Keith Levene, co-founder and brief member of The Clash and later a guitarist for Public Image Ltd., died on Friday (Nov. 11) at the age of 65.
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The death of the unsung leader of England’s early punk rock movement was revealed by author Adam Hammond. “It is with great sadness I report that my close friend and legendary Public Image Limited guitarist Keith Levene passed away on Friday 11th November,” he wrote in a series of tweets.
“There is no doubt that Keith was one of the most innovative, audacious, and influential guitarists of all time,” he continued, recalling: “Keith sought to create a new paradigm in music and with willing collaborators, John Lydon and Jah Wobble succeeded in doing just that. His guitar work over the nine minutes of ‘Theme’, the first track on the first PiL album, defined what alternative music should be.”
In his tribute, he added, “As well as helping to make PiL the most important band of the age, Keith also founded The Clash with Mick Jones and had a major influence on their early sound. So much of what we listen to today owes much to Keith’s work, some of it acknowledged, most of it not.
“Our thoughts and love go out to his partner Kate, sister Jill and all of Keith’s family and friends. The world is a darker place without his genius,” he concluded. “Mine will be darker without my mate.”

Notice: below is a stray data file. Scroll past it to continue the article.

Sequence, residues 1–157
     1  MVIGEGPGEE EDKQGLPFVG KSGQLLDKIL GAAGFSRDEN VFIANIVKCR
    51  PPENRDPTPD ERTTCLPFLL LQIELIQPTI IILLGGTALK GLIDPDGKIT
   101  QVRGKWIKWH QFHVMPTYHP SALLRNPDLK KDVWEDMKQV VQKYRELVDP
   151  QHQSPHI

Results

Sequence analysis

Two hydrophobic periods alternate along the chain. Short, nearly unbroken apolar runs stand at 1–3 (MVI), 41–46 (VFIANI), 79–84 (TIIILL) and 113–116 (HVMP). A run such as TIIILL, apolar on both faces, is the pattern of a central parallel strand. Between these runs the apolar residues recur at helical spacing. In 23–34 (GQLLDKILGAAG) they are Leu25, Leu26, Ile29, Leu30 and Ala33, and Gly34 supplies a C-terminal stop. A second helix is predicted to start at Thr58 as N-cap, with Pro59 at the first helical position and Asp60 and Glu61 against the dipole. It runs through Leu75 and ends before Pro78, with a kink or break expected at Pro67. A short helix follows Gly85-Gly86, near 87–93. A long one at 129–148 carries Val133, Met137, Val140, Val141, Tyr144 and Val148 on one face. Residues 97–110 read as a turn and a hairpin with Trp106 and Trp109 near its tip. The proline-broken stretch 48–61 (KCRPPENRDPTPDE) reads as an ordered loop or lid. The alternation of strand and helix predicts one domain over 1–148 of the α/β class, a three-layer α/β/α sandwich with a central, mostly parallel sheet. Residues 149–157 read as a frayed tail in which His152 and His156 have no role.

Levene, alongside Mick Jones, founded The Clash in 1976 but left before they started recording music. He went on to form Public Image Ltd. with former Sex Pistol, John Lydon (Johnny Rotten), and eventually struck out on his own.
“The word ‘punk’ didn’t really exist then but we had a bit of a manifesto,” Levene once said in an interview about his early career within the then-fledgling punk scene of the 1970s. “We were trying to tear things down. The Who’s Farewell Tour Part III, Led Zeppelin, the likes of Yes, the likes of these bands that were so fucking incredibly musically talented. But the only reason we were doing that was that it was based on… I know the Sex Pistols get a lot of credit for this “no future” thing but that’s the way Jaime (Reid) put it, that’s the way it was packaged. But we all knew we were fucked. There were no jobs. We just knew that a lot of things were fucked.”
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